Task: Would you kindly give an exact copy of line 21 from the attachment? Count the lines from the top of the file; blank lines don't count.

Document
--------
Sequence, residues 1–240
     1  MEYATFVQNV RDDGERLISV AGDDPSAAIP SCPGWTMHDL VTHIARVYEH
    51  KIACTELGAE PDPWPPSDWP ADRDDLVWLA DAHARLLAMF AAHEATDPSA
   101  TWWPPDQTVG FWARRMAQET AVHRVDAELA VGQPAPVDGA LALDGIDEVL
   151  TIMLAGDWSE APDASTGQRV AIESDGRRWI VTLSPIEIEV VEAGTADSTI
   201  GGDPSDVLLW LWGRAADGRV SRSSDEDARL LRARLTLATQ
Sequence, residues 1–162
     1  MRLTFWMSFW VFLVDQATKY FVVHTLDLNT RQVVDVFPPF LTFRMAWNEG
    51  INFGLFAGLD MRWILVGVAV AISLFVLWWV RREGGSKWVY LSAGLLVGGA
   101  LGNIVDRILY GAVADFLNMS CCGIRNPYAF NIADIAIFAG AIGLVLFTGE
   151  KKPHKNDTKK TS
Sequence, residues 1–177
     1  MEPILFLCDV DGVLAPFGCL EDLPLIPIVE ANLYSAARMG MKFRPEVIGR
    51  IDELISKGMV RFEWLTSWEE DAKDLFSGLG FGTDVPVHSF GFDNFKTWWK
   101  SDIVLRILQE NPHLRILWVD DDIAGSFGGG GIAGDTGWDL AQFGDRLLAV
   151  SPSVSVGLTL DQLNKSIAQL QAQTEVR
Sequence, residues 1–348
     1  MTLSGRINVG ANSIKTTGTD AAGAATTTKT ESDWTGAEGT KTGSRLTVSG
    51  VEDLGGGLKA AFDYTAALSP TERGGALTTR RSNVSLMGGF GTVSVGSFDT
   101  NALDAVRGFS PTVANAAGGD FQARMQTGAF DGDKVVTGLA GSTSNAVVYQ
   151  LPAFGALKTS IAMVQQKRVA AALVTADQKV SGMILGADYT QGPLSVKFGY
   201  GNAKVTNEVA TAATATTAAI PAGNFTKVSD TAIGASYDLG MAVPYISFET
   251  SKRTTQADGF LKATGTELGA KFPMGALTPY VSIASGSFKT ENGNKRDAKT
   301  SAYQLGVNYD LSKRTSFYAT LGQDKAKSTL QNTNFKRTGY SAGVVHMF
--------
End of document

   151  LPAFGALKTS IAMVQQKRVA AALVTADQKV SGMILGADYT QGPLSVKFGY